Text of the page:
It wasn't that long ago I was reviewing Revolting's “Hymns Of Ghastly Horror”, the latest album from the latest band culled from the never-ending death metal mind of Rogga Johansson. Having not paid much attention to the death metal scene, I already felt like I was being overloaded with material from him, and now comes yet more music from the most prolific artist working in metal today. Megascavenger continues Rogga's tradition of never stopping, never letting up, never thinking enough is enough.
At some point, even the sharpest knife becomes dulled by repeated use. My feeling for the works of Rogga is much the same, that he releases so much music with such regularity that whatever impact individual songs and albums could make get lost in the mass of his own work. Simply put, there isn't enough deviation from project to project to make them stand out as anything but another of Rogga's bands, which makes each one of them less than they otherwise would be. Megascavenger is a perfectly acceptable old-school death metal project, but so too was Revolting's album this year, and Ribspreader's, and on and on.
The draw on “Descent Of Yuggoth” is a roster of guest vocalists who show up to trade growls with Rogga, which does help to make the songs more distinct from one another, but can't raise it out of the same-old, same-old feeling that is pervasive. It's always nice to hear Dan Swano's venomous bark, but his appearance isn't far enough removed from Rogga's own to be special, not in the way his guest appearance on Hail Of Bullet's debut album was.
“Descent Of Yuggoth” is old-school to the core, with fuzzy guitars and an adherence to bare-bones playing. But lost in that approach is the fundamental of what made old-school death metal great; catchy songwriting. The songs on the album fall short not so much when you're listening to the album, but when you're done. When the record is over, and you stop to remember what you've just heard, recalling the songs is difficult. They lack the killer instincts and sharp hooks to embed themselves and demand to be remembered.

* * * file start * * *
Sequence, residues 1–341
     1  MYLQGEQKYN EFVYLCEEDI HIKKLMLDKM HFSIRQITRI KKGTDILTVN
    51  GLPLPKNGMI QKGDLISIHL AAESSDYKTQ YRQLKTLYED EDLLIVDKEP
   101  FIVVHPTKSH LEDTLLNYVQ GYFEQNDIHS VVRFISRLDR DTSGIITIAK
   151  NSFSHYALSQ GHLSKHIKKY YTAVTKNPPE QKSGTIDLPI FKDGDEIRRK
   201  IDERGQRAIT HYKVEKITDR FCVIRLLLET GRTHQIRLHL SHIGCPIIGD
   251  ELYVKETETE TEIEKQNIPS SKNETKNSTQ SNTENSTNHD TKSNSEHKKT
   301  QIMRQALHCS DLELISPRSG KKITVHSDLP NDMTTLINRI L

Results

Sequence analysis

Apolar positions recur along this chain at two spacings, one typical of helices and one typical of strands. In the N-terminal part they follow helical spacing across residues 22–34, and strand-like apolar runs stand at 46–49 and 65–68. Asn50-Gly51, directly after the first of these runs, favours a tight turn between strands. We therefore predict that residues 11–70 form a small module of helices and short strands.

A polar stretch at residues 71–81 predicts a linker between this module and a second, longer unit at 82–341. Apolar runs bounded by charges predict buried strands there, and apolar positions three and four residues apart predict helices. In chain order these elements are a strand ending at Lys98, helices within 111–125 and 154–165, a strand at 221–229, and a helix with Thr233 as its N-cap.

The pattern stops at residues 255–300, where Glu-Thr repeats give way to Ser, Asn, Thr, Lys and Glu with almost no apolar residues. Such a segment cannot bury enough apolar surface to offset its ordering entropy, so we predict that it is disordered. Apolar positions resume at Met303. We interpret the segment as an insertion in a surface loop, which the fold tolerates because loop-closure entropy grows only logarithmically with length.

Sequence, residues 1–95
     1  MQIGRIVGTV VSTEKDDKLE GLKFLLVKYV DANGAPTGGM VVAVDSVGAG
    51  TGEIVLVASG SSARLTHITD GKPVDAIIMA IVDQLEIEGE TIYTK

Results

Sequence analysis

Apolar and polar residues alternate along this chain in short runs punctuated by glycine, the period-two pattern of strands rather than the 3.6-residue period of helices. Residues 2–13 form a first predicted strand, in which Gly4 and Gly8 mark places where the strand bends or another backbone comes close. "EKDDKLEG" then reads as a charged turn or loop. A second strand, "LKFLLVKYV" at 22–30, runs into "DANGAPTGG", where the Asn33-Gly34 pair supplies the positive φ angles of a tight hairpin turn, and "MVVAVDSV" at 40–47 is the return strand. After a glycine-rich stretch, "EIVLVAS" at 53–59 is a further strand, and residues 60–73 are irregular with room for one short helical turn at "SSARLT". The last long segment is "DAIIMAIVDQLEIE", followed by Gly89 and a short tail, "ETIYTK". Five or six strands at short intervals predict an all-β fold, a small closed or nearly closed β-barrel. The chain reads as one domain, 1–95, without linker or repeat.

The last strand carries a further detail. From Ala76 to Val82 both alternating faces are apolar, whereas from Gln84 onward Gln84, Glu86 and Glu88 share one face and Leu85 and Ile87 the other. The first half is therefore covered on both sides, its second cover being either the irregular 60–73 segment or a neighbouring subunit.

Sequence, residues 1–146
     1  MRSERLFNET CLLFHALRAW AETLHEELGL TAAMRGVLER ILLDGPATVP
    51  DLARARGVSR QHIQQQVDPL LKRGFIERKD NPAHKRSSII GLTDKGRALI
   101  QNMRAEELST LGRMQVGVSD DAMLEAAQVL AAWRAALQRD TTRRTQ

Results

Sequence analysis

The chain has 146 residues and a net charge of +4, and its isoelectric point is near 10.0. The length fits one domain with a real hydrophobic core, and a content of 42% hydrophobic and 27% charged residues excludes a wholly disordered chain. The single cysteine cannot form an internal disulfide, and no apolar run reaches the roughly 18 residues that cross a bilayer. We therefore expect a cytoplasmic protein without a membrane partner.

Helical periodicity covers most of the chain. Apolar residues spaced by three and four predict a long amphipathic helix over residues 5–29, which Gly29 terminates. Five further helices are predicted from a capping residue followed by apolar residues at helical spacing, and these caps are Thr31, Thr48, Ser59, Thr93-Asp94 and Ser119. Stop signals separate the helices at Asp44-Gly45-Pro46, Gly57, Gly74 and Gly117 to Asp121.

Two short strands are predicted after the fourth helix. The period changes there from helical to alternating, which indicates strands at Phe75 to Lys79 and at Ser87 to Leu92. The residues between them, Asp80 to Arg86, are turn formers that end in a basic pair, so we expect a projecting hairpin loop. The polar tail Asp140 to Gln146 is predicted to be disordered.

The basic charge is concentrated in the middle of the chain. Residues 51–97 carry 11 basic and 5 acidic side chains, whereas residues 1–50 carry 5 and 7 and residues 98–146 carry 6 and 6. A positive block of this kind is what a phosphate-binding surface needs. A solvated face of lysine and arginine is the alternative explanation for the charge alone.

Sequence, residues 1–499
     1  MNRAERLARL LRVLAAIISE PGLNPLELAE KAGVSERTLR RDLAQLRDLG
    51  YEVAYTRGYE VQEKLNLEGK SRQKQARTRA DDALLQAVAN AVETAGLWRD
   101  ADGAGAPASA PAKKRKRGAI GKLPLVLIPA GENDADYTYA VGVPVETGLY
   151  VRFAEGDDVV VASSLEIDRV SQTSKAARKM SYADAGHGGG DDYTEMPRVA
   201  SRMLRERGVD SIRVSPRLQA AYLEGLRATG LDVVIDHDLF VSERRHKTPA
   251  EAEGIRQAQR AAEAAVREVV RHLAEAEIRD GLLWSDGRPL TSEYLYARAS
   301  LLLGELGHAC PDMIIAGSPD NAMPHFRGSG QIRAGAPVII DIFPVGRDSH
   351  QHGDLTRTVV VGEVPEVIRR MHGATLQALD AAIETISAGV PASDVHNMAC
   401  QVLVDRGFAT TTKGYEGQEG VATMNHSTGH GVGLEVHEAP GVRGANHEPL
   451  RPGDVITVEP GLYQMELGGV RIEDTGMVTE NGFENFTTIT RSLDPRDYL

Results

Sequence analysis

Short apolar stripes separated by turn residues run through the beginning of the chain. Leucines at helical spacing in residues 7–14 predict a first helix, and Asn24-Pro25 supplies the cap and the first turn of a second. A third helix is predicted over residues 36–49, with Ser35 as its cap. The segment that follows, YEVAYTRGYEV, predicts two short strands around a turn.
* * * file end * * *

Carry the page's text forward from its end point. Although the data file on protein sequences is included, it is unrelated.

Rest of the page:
Sure, “Smokescreen Armageddon” has a groove-laden breakdown that is awesome in context, but it doesn't integrate with the rest of the song well enough for it's shine to rub off. Far too often the songs rely on the same traditional riffs that have been populating death metal for twenty years, all of which have been heard many times before, and in better songs.
Even the production doesn't quite work, trying to capture the grainy vintage tones of early 90's Sweden, but sitting under a layer of digital wash that doesn't allow the guitars to cut through like the chainsaws the classics were compared to. Odd though it may be to say, it's too clean a sound for the target Rogga was shooting for. The entire record could have used a dose of dirty atmosphere to make it sound more well-worn, more authentic.
So what Megascavenger winds up being is a very similar sounding death metal record that is perfectly acceptable on it's own, but doesn't offer up anything Rogga hasn't done through his myriad other projects just this year. I would say it's mostly for completists.